Teplizumab (Tzield®) helps preserve the ability of children and adolescents with new-onset type 1 diabetes to make their own insulin, a phase 3 trial finds. The drug was approved by the U.S. Food and Drug Administration (FDA) in November 2022 after it was shown to delay the onset of stage 3 type 1 diabetes.
Now, the PROTECT study has evaluated whether it could also preserve the function of beta cells—which produce insulin—in recently diagnosed youth. The randomized phase 3 trial found that teplizumab did achieve this, but that trial also suggested that there was improvement in other clinical parameters including reduced reliance on insulin medications, higher grade hypoglycemia, time in range of glucose, and quality of life. The researchers published their findings in the New England Journal of Medicine on October 18.
“There has been nothing available to stop the progression of type 1 diabetes after the diagnosis,” says Kevan Herold, MD, C.N.H. Long Professor of Immunobiology and chair of TrialNet, an NIH-sponsored consortium focused on delaying and preventing the disease. “We know that kids with new-onset diabetes lose the ability to make insulin over a period of years. Teplizumab seems to slow that down.”
Teplizumab preserves function of beta cells among other benefits
The PROTECT study was a randomized, placebo-controlled trial that enrolled children and adolescents with type 1 diabetes who had received a diagnosis of type 1 diabetes within the previous six weeks. All participants initially underwent a screening process that evaluated beta cell function. Following the screening, selected participants either received a 12-day course of intravenous teplizumab or a placebo. Then, six months later, participants received a second 12-day course. However, because of the COVID-19 pandemic, a small fraction of participants received the second course a year after the initial dose.
After 18 months, the researchers assessed changes in beta cell function. They also observed secondary clinical parameters, including the insulin doses used to achieve target glucose levels, amount of time in the target glucose range, and significant hypoglycemic events.
The trial showed that the two 12-day courses of teplizumab were successful in preserving beta cell function. Furthermore, researchers observed other promising improvements. Participants who received the drug were able to reduce their insulin use and had a lowered risk of severe hypoglycemia. Continuous glucose monitors showed that participants in the experimental group also spent more time in their target glucose range. They were more likely to achieve the clinical threshold for disease remission. Finally, they also showed improvement in measures of quality of life based on scoring from the Pediatric Quality of Life Inventory Diabetes and Family Module, Hypoglycemia Fear Scale, and Diabetes Treatment Satisfaction Questionnaire.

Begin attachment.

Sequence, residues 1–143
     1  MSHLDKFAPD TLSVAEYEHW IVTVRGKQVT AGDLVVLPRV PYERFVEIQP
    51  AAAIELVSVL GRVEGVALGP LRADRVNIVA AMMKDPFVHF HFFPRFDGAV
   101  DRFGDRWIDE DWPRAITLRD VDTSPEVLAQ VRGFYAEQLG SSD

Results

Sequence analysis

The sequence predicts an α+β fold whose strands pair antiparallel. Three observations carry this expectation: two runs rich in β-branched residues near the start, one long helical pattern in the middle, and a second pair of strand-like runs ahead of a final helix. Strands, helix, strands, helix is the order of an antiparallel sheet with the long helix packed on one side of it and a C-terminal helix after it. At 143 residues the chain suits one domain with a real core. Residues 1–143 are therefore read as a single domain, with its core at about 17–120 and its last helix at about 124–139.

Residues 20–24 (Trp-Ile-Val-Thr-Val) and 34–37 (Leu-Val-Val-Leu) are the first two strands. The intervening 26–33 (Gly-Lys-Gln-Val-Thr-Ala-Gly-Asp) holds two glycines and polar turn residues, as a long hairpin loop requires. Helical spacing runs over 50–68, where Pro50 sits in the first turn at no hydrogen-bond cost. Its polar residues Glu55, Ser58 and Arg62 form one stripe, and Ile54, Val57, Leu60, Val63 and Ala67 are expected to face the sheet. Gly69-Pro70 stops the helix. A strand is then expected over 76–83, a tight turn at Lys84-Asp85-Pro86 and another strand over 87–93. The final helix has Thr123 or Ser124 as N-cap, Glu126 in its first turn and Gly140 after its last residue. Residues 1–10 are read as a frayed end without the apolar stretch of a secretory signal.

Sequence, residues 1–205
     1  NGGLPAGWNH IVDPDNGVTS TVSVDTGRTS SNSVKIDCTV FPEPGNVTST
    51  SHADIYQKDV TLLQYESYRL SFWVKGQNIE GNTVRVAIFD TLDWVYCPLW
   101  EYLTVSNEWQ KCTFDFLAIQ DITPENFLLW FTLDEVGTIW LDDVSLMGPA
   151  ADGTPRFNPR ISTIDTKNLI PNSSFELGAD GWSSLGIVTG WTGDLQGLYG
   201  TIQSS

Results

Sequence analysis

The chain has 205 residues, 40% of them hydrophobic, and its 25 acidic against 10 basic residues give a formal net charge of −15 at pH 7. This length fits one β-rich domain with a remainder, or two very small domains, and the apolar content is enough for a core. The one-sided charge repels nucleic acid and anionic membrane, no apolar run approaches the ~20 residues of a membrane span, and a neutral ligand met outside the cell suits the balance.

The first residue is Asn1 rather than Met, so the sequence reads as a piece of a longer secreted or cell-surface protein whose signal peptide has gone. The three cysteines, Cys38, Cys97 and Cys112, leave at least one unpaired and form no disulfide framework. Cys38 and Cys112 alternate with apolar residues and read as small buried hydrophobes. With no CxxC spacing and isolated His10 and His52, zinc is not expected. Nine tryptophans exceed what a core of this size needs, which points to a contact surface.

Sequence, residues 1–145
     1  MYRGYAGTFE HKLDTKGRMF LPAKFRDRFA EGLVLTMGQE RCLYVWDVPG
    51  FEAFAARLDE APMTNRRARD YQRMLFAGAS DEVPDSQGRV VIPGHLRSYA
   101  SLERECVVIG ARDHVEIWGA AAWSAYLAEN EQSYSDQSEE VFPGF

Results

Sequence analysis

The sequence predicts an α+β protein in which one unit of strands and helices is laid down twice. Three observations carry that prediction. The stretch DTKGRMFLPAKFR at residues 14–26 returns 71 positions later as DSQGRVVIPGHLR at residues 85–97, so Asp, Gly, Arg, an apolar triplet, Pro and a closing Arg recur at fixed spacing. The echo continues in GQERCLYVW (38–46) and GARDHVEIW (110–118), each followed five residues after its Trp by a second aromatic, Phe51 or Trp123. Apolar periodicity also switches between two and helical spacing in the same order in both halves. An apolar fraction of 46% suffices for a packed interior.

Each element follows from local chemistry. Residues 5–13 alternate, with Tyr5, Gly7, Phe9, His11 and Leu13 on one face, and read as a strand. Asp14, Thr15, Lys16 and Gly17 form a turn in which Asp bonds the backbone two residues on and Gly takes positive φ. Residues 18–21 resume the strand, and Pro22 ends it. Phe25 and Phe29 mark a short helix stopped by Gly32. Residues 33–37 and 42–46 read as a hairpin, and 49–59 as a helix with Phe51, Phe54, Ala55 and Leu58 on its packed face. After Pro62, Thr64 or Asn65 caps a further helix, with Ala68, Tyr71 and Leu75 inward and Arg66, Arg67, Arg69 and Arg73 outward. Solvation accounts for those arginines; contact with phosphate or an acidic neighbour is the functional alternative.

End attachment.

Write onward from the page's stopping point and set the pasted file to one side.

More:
Importantly, unlike other immune therapies for type 1 diabetes, teplizumab is not a chronic immune suppressant—it only requires two courses rather than continuous use. “This fulfills what we say in immunology as ‘operational tolerance,’” explains Herold. “In other words, you’ve given something for a brief period of time, and you fundamentally change the autoimmune response without continuously suppressing the immune system.”
Future studies may lead to improved type 1 diabetes therapies
At Yale, Herold’s team is exploring the therapeutic implications of the PROTECT trial. For instance, the researchers have also been involved in using beta cells derived from stem cells to replace those that have been destroyed by autoimmune processes. However, this process presents an obstacle—the body can similarly wipe out the replacement beta cells. Pairing this therapy with teplizumab could be a solution. “If teplizumab could stop the destruction of the replaced beta cells, we could help to restore normal metabolism in our patients,” says Herold.
While teplizumab significantly slows down the decline of beta cell function, its effects don’t last forever. Thus, Herold is also interested in combining the drug with other kinds of immune therapies to maximize the therapeutic benefits. “I could envision starting patients out with teplizumab when they’re first diagnosed, and then perhaps intermittently give them another immune suppressant that maintains the effect,” says Herold. “That’s another area we’re quite interested in pursuing.”
TrialNet, a NIDDK-sponsored research consortium, has ongoing trials, including trials evaluating the use of antithymocyte globulin (ATG), JAK inhibitors, and the combination of the biological therapies rituximab and abatacept in preventing and slowing the onset of type 1 diabetes. “There are a lot of opportunities here to try and come up with improved therapies for these diseases,” says Herold.